Deciding to log off the Net dating scene

Dating: People who find online services and ads mean more hitts--but also more misses--say the old-fashioned, low-tech way of meeting potential mates works better.

May 13, 2004|By James H. Burnett III | James H. Burnett III,KNIGHT RIDDER/TRIBUNE

MILWAUKEE - Ben Thompson appreciates speed and modern technology.

After all, the 27-year-old Milwaukee resident has made a good living as an Internet technologies consultant. And his interests are typical for a guy his age: fast cars, fast computers and streamlining just about everything else in life for the purpose of convenience.

But when it comes to "meeting that special person," Thompson said, "some things are just better the old-fashioned way, by face-to-face contact. If you don't just talk to people, straight on, I think you really can get out of practice."

Thompson's logic bucks the trend of singles hunting over the Internet and using planned events such as "speed dating."

But according to some singles and relationship experts, a growing number of rebel singles feel time is saved and interpersonal skills are salvaged when they toss the gimmicks.

"I'm realizing these days that I really do prefer approaching someone in a public place after seeing them for a while," said Thompson.

"I mean, spending a little time and studying them ... and how they seem and then going up to them," he said.

Thompson's friends have tried Internet dating, and, he admitted sheepishly, he tried it, too.

The one woman who caught his eye online e-mailed him a picture of herself that accurately showed a pretty face. But when he met her in person, he said, her claims of being physically fit and toned were way off base.

Thompson said that the deception cost him time and that it would have been more efficient to approach a stranger he found attractive and try his luck.

She doesn't like to say "I told you so," but New York relationship guru and queen of the daytime talk show advice circuit "Dr. Gilda" Carle is "tickled to see the shift back to real human contact."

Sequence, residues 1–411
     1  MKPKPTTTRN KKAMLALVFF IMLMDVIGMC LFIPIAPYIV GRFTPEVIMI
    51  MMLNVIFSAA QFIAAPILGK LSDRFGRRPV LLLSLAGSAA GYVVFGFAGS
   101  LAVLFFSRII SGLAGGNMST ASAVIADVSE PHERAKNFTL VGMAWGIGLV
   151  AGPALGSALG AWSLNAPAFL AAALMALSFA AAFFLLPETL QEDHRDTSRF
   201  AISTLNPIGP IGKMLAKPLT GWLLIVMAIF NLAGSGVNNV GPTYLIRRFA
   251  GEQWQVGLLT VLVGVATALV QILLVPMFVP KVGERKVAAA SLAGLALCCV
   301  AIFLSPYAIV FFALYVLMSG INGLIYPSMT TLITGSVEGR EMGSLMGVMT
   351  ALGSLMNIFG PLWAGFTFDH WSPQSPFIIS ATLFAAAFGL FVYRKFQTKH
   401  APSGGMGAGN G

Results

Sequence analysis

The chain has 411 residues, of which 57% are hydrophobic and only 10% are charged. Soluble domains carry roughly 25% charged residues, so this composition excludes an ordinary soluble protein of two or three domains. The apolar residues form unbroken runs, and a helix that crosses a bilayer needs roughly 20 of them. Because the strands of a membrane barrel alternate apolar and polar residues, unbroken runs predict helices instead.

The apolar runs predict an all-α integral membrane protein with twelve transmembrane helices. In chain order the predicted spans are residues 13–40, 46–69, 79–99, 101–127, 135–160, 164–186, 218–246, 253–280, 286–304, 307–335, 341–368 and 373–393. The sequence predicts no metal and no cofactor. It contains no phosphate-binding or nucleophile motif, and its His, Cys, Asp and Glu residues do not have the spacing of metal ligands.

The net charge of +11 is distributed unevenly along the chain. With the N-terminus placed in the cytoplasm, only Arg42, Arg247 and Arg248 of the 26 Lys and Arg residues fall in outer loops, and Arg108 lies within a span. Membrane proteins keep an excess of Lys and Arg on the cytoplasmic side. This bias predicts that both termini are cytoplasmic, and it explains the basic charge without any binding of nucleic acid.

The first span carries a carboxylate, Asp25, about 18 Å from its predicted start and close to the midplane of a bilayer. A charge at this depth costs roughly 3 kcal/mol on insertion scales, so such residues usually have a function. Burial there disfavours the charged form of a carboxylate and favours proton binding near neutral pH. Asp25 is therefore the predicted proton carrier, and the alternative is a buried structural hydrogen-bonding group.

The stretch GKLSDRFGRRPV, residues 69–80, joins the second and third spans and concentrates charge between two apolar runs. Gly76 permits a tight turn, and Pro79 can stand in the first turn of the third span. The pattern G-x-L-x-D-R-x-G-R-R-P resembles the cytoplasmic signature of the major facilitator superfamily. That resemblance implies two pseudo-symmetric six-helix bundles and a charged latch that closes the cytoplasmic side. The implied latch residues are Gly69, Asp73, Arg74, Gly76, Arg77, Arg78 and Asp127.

"The Internet, the computer age we're living in now has made us a bunch of social isolates," said Carle, who teaches college courses and give seminars on building personal relationships. "We are shy and stressed out to the hilt, afraid of rejection. ... So we figure we'll do it the easy way and take a shortcut and that will get us to love a lot sooner. But even if you develop a wonderful situation online, you still have to meet face to face."

Even though the Internet is his bread and butter, Paul Glen has soured on it as a dating aid. Glen, who operates C2 Consulting in Los Angeles and is the author of Leading Geeks: How to Manage and Lead People Who Deliver Technology, said that a number of bad online dating hookups a few years ago convinced him that the Net is not the best place to find love.

Glen, who was in his mid-30s at the time, described his bad connections as "sperm donor dates." First date after first date - all from Internet dating services - questioned him about his potential as a father, he said.

"Their biological clocks were ticking, and they wanted no part of building a friendship or a relationship," he said. "These dates were clearly interviews, nothing more or less. By the end of these dates, I didn't want the job."

Thompson and Glen are noticing something that could be the dating equivalent to the dot-com collapse in the mid-1990s, said Los Angeles-based social psychologist B.J. Gallagher.

"Everybody a few years ago got on board the dot-com thing," Gallagher said. "And they forgot that business is all about human relationships. ... That's one reason we saw the crash - our hopes that technology was going to solve all of our business problems was misplaced."

Now, it's daters, not venture capitalists, who think the Internet will make life easier, said Gallagher. She likened online ads and services to a job hunter's resume as "a tool to get you in the door. ... All it can get you to is a first date."

Milwaukee computer programmer Mara Marcus, 26, said nontraditional hookups just don't work because things such as eye contact, personality and facial expressions can't be accurately gauged online.

"When you meet someone in person, you can feel a certain chemistry or vibe that will either agree with or vary from what you are looking for," she said.

Marcus found that while the Internet has increased the quantity of people she can meet, it hasn't necessarily helped with quality.

"On the computer, a person can tell you all of the great qualities they have to offer, and potentially leave out the `other stuff,'" she said. So "in most cases we end up with a distorted view of reality, and a huge waste of time."

Tina Hanneman, a recruiter from Milwaukee, agreed.

Hanneman, 27, who recently got out of a four-year relationship, said friends who were "sick and tired of the bar scene" flocked to online dating services and dating events a couple of years ago with moderate success.

But even those who found dates were "doing a lot more dates and not finding that person," she said. "So more dates and more time, and the investment was not returning."

As for her own strategies, Hanneman, who is still tired of the bar scene, said she's going to connect with people through friends and friends of friends.

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